When I was really young I was a little afraid of grandpa. He brooked little nonsense. “Go cut me a switch” was not a sentence I wanted to hear more than once. But he loved me. He didn’t have to tell me. I knew it by the way he held my hands while showing me how to cast with a cheap old Zebco rod and reel. I knew it by the way he carefully made our lunches and packed them in old metal lunchboxes with domed lids and chipped green enamel paint. I knew it by the way he dusted my pants with sulphur powder and put a little inside the elastic band on my tighty-whities. He always wore a canvas or straw fedora. I wore a baseball cap and my ears got sunburned.

    Mostly, we’d go fishing in a creek not far from his rural home during the week, after he got home from work. Sometimes we’d go on longer expeditions to fishing spots in adjacent counties where he’d gone as a young boy himself. He knew about some pretty good holes. Sometimes we’d get skunked. He’d be a little peeved by that. I didn’t care that much. I just loved being with him out in the wild country places.

    When Grandpa died at age 89, I was enlisted to go back to Kansas and move Grandma out to California to live with my parents. I had to pack the contents of their tiny house for the move. When I got around to Grandpa’s fishing gear I was amazed to find a nice bamboo rod with a good quality fly reel. The man had secrets.

  13. Tammy S. - April 10, 2020 12:39 pm

    Love this!!

  14. Tom - April 10, 2020 12:42 pm

    Ain’t nothing like spending time with your Pop- especially fishing and hunting.

  15. Sara Howland - April 10, 2020 12:43 pm

    This just makes my day, in these lonesome times.Thank you Sean.

  16. Ann - April 10, 2020 1:02 pm

    This is so visual and sweet….it feels calm in an upended world..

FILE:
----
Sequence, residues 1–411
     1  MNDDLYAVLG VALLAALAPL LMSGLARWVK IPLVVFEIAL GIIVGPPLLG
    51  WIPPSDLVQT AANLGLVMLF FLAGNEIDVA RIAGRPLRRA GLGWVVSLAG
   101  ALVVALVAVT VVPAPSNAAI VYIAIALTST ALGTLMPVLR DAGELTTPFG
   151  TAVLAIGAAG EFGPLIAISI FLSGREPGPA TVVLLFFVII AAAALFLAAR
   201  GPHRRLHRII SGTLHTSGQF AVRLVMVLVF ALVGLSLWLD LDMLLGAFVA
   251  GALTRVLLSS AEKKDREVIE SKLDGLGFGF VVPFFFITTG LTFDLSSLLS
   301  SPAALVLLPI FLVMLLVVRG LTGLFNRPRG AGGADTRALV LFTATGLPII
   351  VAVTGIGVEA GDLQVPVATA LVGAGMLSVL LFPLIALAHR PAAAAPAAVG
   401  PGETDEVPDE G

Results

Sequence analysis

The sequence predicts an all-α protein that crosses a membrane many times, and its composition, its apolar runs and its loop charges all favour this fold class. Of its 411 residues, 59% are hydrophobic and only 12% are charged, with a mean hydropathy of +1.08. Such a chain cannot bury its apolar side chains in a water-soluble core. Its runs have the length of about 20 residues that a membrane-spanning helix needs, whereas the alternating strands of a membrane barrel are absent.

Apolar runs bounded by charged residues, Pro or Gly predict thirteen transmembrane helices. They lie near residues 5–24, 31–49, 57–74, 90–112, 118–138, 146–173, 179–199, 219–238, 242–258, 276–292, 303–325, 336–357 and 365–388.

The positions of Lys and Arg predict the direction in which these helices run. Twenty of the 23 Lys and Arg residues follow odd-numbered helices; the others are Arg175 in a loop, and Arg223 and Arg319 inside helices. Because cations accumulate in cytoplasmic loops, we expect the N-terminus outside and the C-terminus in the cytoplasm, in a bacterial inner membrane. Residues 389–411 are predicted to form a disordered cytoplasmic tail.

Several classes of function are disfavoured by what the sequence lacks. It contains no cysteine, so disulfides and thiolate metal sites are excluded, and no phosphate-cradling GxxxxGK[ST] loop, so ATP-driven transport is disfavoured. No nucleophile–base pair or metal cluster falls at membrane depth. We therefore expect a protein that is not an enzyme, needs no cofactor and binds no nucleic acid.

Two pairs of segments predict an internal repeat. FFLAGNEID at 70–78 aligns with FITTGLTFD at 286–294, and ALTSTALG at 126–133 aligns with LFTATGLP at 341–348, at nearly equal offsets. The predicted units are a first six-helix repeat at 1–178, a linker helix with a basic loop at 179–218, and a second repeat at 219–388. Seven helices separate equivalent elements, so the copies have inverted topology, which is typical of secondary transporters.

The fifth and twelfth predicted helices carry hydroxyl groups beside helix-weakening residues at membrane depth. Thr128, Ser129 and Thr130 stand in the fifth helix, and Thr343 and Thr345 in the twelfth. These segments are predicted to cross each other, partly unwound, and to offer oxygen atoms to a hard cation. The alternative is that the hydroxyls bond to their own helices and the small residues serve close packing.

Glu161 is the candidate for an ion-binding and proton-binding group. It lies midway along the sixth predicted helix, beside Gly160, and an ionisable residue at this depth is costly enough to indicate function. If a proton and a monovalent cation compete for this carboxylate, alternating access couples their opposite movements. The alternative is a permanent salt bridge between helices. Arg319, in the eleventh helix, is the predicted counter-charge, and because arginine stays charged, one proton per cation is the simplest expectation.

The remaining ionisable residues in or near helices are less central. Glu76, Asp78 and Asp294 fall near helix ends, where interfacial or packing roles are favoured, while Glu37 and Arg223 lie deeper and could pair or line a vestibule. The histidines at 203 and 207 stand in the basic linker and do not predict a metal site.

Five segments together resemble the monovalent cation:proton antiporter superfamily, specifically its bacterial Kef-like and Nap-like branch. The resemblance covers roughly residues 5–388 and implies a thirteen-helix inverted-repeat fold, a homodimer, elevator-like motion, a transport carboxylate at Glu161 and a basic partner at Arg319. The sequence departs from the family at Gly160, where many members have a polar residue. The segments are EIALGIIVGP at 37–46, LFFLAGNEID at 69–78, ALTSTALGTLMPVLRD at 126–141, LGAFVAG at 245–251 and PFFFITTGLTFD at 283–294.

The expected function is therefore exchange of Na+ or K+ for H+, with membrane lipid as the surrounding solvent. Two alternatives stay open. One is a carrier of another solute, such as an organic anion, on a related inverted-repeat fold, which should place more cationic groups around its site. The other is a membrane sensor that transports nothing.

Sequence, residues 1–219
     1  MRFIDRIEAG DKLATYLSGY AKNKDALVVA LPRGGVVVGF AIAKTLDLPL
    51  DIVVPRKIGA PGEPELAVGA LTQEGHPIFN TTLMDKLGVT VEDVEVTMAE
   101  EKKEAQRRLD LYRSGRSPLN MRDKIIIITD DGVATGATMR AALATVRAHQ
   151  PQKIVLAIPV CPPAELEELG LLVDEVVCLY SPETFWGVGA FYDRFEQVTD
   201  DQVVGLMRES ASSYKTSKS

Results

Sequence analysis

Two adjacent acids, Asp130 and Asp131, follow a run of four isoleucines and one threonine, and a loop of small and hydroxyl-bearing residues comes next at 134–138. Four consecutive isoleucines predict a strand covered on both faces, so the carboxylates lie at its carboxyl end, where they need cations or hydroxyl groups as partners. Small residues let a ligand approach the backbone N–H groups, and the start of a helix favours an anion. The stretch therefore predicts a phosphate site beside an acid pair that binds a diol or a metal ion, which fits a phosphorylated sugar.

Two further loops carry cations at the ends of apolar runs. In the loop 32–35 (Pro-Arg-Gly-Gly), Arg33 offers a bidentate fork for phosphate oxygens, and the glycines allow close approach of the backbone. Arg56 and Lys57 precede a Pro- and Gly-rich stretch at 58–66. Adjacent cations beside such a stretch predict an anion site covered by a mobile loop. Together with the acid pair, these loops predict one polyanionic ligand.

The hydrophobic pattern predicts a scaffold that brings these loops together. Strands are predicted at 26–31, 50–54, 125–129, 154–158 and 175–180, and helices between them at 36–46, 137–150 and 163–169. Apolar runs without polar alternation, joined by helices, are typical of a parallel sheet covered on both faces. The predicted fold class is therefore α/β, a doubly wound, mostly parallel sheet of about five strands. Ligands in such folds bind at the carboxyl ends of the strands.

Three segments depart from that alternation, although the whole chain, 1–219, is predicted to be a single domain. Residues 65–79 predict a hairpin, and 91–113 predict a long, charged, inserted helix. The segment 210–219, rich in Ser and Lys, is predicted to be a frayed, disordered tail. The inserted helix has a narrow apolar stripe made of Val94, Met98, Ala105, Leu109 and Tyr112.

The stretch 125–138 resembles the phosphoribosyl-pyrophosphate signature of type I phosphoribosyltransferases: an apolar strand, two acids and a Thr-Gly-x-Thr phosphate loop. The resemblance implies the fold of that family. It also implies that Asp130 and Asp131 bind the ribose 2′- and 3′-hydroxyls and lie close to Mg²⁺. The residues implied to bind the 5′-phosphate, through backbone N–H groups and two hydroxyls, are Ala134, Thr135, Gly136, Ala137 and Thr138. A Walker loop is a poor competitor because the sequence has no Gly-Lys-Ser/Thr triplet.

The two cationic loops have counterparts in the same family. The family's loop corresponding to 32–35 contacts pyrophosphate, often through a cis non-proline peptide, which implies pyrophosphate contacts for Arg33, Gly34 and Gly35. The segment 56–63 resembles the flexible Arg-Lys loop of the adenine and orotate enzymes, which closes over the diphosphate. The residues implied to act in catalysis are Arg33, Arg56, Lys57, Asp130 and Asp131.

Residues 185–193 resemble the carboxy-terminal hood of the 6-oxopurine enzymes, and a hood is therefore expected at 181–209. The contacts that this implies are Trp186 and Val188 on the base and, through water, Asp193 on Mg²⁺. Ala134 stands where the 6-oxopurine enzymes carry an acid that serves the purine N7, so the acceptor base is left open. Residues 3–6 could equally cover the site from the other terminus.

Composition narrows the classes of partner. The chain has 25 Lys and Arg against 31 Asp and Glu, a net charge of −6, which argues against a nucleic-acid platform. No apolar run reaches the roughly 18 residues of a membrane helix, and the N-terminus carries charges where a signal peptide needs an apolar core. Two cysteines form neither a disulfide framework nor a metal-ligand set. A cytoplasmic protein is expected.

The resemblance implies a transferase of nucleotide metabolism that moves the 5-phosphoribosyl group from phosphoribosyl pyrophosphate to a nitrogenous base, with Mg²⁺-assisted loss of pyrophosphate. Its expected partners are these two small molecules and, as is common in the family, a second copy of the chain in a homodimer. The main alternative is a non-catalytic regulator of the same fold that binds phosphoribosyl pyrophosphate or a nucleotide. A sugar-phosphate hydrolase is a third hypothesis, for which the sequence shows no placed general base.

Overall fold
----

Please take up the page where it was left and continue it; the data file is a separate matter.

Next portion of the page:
17. Teresa Tindle - April 10, 2020 1:19 pm

    Sean this takes me back to times I spent fishing with my Dad. He was the best. I’m a girl but I love fishing. My Dad was kind, generous and the strongest man I ever knew. I miss him terribly. He was so good to my son. My sons father shot and killed himself when he was 8. My daddy took over. He loved and raised him. Taught him to fish, hunt, fix a leak, build a deck. All the manly things. He taught him to be a good man. The biggest lesson he taught him was to never give up on his dreams. My dad didn’t. He was sick all his life. He had diabetes. He had heart surgery, 2 strokes that left him paralyzed, and he had his good leg amputated. But he never gave up. He was one of a kind. They don’t make em like him anymore.

  18. Delphia Smith - April 10, 2020 1:27 pm

    Good morning Sean,
    My mother was raised a lot like your grandfather in Slasham, Al. They were farmers and had a hard time. I never met any of my grandparents because they died so young. One of them died from blood poisoning, after getting stuck with a safety pen.
    After my grandmother died it was left to my mother and her sisters to cook and take care of the house.
    They had a wood stove and every time they cooked
    the house caught fire. It was my moms job to get on
    the roof and put out the fire, while my aunt cooked.
    Every time my Aunt Elsie told this story my sister and I would laugh because she always cried. We would get her to tell it just to watch her cry. I know that sounds mean but at the time we were young and really didn’t realize what a hard time they had back in the depression. Another time when they were planting the fields it was hot and they decided to pour the beans in a tree stump so they could get finished. My Aunts swore her daddy picked her up by her ear and whipped her and she said it messed up her hearing. I always enjoy your stories because it brings back memories of my mother telling us about her childhood! Have a blessed Good Friday!

  19. Robert Chiles - April 10, 2020 1:30 pm


  20. Sharon Brock - April 10, 2020 1:37 pm

    We called my paternal grandfather Gramps. He lived thru the 1918 flu epidemic, the Great Depression, and raising my father. He had 9 grandchildren, 5 of them girls. He took my next oldest sister and I fishing once. Becky, aged 5, caught a decent sized fish. We were both so upset that the hook was hurting the “fishy’s” mouth that we begged him to let it go. He removed the hook and released the fish. He loved that story and told it often. He thought we were cute and we just flat out loved him. Grandfathers are special, at least mine was.